- a generalized, supernatural force or power, which may be concentrated in objects or persons.
Origin of mana
Borrowed into English from Polynesian around 1835–45
or Man·a, Min·ni
- an ancient kingdom in Iran, in Kurdistan.
Dictionary.com Unabridged Based on the Random House Unabridged Dictionary, © Random House, Inc. 2018
Examples from the Web for mana
Melissa Cheyney, chief author of the pro-home-birth MANA study, calls the Cornell methodology “misleading.”The Home-Birth Rebellion
February 7, 2014
Well, Mana'lio, the chief here, wants a white man to live with him.John Frewen, South Sea Whaler
One is worn by the girl, and the mana is covered with the other.
She sits on the mana, which has been brought, and placed on the cloth, by her uncle.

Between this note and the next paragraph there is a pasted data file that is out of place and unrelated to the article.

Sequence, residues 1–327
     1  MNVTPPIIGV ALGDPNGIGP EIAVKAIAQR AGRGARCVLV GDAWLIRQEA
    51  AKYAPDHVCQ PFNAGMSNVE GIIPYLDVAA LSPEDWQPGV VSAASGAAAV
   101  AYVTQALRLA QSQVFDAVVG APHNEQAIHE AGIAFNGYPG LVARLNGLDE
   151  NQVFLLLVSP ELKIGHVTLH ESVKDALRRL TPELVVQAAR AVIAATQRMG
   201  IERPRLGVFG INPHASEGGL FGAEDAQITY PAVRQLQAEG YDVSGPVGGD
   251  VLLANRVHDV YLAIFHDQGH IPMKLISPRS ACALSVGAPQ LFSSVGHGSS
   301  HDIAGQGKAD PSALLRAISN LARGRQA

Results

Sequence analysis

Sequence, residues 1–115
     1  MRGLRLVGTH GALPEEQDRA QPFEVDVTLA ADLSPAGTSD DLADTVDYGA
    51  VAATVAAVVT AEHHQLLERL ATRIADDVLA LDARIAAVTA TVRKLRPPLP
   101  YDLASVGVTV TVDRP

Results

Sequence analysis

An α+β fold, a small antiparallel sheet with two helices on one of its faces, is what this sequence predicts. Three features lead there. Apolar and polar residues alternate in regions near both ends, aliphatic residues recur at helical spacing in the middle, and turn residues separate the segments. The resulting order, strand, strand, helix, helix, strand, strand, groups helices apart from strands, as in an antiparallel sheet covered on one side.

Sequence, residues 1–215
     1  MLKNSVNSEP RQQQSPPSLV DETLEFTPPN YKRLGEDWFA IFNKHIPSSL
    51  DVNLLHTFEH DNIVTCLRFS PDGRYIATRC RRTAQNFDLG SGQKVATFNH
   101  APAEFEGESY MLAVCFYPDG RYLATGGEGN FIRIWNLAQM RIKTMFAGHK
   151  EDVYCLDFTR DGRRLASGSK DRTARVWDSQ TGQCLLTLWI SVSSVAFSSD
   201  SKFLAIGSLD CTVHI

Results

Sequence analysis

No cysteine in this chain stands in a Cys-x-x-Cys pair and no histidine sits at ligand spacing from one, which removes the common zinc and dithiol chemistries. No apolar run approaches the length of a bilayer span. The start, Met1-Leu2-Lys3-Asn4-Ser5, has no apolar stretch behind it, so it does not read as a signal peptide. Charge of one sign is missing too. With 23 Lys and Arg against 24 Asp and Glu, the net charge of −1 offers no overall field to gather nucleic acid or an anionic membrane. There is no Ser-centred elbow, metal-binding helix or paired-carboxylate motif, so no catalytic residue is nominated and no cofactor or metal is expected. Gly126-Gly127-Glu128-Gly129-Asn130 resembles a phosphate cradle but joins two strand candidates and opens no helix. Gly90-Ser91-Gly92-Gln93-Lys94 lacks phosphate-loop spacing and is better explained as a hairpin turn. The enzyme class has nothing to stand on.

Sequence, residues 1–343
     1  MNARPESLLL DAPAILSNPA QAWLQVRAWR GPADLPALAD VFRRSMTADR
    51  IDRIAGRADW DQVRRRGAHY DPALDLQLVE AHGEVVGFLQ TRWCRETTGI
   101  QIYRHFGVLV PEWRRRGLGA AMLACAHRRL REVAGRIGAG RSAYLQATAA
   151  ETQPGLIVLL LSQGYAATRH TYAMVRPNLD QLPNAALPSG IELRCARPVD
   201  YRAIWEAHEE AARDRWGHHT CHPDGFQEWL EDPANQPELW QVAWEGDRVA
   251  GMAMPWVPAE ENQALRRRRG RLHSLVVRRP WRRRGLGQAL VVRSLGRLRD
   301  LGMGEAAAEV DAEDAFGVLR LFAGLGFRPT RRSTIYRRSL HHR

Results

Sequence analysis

A man must have mana to do it; if he has not, it will be too late when he is on the hot stone of Tama-ahi-roa.Magic and Religion
If she had no dowry, he shall give her one mana of silver for a divorce.Archology and the Bible
George A. Barton
- (in Polynesia, Melanesia, etc) a concept of a life force, believed to be seated in the head, and associated with high social status and ritual power
- any power achieved by ritual means; prestige; authority
Collins English Dictionary - Complete & Unabridged 2012 Digital Edition © William Collins Sons & Co. Ltd. 1979, 1986 © HarperCollins Publishers 1998, 2000, 2003, 2005, 2006, 2007, 2009, 2012
Word Origin and History for mana
"power, authority, supernatural power," 1843, from Maori, "power, authority, supernatural power."
Online Etymology Dictionary, © 2010 Douglas Harper